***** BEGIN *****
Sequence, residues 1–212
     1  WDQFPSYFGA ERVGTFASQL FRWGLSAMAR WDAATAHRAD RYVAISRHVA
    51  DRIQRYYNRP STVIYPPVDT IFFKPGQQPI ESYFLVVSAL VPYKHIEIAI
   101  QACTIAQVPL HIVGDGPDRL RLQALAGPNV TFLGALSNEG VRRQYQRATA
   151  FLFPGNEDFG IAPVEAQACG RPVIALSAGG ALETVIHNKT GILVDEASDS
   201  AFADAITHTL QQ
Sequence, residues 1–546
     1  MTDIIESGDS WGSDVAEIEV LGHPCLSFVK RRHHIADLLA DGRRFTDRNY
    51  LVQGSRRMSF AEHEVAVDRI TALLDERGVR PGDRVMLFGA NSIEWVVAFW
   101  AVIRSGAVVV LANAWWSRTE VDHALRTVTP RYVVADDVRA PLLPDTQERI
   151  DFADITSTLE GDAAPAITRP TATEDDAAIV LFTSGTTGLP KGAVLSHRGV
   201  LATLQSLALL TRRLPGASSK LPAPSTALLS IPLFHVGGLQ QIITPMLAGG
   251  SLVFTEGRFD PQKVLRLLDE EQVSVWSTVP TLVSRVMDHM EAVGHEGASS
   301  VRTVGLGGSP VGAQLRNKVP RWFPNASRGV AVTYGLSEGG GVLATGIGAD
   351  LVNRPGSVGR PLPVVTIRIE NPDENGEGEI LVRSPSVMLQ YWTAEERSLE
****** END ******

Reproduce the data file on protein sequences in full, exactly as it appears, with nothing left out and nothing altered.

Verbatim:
Sequence, residues 1–212
     1  WDQFPSYFGA ERVGTFASQL FRWGLSAMAR WDAATAHRAD RYVAISRHVA
    51  DRIQRYYNRP STVIYPPVDT IFFKPGQQPI ESYFLVVSAL VPYKHIEIAI
   101  QACTIAQVPL HIVGDGPDRL RLQALAGPNV TFLGALSNEG VRRQYQRATA
   151  FLFPGNEDFG IAPVEAQACG RPVIALSAGG ALETVIHNKT GILVDEASDS
   201  AFADAITHTL QQ
Sequence, residues 1–546
     1  MTDIIESGDS WGSDVAEIEV LGHPCLSFVK RRHHIADLLA DGRRFTDRNY
    51  LVQGSRRMSF AEHEVAVDRI TALLDERGVR PGDRVMLFGA NSIEWVVAFW
   101  AVIRSGAVVV LANAWWSRTE VDHALRTVTP RYVVADDVRA PLLPDTQERI
   151  DFADITSTLE GDAAPAITRP TATEDDAAIV LFTSGTTGLP KGAVLSHRGV
   201  LATLQSLALL TRRLPGASSK LPAPSTALLS IPLFHVGGLQ QIITPMLAGG
   251  SLVFTEGRFD PQKVLRLLDE EQVSVWSTVP TLVSRVMDHM EAVGHEGASS
   301  VRTVGLGGSP VGAQLRNKVP RWFPNASRGV AVTYGLSEGG GVLATGIGAD
   351  LVNRPGSVGR PLPVVTIRIE NPDENGEGEI LVRSPSVMLQ YWTAEERSLE